As is the case for many music teachers, J.J. Wilder of Redding School District in Redding, CA, is doing what he can to provide music classes that suit the needs and strengths of the students in his district. On any given week, he’ll find himself traveling between several schools to teach recorders, guitar, drums, music technology, concert band, rock band, or jazz band. We recently spoke with J.J. to find out how he got started in music, how he balances it all, his advice for other teachers, and more.

What is your musical background?

My dad had an old guitar leaning in the corner of our hallway when I was growing up.  Every time I walked past it I would strum the strings and listen to how they sounded.  I thought to myself, “This is stupid, why don’t you actually learn how to play the thing?” So I started to teach myself how to play the guitar, and 26 years, a B.A. in Music Education, and two teaching credentials later, I am blessed to have a career doing what I love: teaching music.

What would you consider to be your primary focus?

My primary focus in school was the classical guitar. It’s not something that I get to use very often teaching in Elementary and Junior High, but has come in handy teaching at the collegiate level where I have taught guitar classes, ensembles, and private lessons.

What do you find most fulfilling about teaching music?

I absolutely love seeing my kids getting fired up about playing a piece of music, or finally figuring out that really difficult passage they have been working on. But I really enjoy learning from my students. They teach me so much more than I teach them. For example, last year when studying swing music in Jazz Band, students were assigned to research and listen to five new musicians they had not heard of before. One of them came back and reported about a whole underground movement of electronica/swing that I had never heard of before.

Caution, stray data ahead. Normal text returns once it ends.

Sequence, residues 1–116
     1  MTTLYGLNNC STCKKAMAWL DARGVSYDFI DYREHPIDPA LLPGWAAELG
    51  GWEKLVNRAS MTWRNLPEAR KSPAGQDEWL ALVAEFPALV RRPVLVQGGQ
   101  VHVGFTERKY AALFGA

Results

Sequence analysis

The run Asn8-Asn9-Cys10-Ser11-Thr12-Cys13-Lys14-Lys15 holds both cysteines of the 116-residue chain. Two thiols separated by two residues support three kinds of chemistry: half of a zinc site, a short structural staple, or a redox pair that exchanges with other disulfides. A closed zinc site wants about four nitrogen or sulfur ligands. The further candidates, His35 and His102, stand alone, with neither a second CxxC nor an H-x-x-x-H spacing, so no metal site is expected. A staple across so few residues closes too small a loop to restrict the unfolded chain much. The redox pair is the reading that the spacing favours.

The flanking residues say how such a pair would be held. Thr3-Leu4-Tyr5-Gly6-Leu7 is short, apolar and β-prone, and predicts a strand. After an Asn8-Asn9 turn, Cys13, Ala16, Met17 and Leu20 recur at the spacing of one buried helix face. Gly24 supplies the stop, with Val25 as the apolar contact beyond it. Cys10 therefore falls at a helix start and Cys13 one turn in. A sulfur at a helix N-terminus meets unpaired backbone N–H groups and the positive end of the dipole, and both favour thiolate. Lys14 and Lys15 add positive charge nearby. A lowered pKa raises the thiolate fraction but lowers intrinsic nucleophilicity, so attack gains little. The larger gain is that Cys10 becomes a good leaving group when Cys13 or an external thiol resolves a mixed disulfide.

How did you end up teaching multiple ensembles/classes?

After I got my music credential, I went on the job hunt. I applied to many positions before applying for a position teaching strings in the Redding School District. I had very little experience with any of the string instruments, save for my pedagogy classes. But I didn’t lack confidence. After all, I played the guitar. How hard could it be to teach strings? Unfortunately, (or fortunately for the kids’ sake!) the position went to the State Fiddle Champion, who had also applied. However, I was offered a part-time job teaching a guitar class. And, like many positions, once my foot was in the door, I was able to move into a full-time position when it came available. At first, I was just teaching band classes and recorders at multiple schools. Over time and through trial and error, we have built music classes to suit the needs and strengths of the students at each site.

What does a typical week look like for you?

My typical week involves traveling between three schools, and teaching 3rd grade recorders, choir, guitar class, drum corp., music technology, multiple levels of concert band, rock band, and jazz band.

How do you balance the various curriculums and performances?

As far as curriculum goes, I try to use the same one as often as I can, supplementing it with various pieces and exercises, tailored to each class’ needs and dynamics. Being at three schools brings its own challenges with regards to performances. Everything comes in multiples: Winter performances, Spring performances, special holiday assemblies.  So scheduling and communication are key! I keep a calendar of all of my scheduled performances so I can keep them straight. Plus, I keep a running log of all of the previous year’s performances so I can refer to them at the beginning of the year for scheduling with each school office.

What is the biggest challenge you’ve faced, and how did you solve it?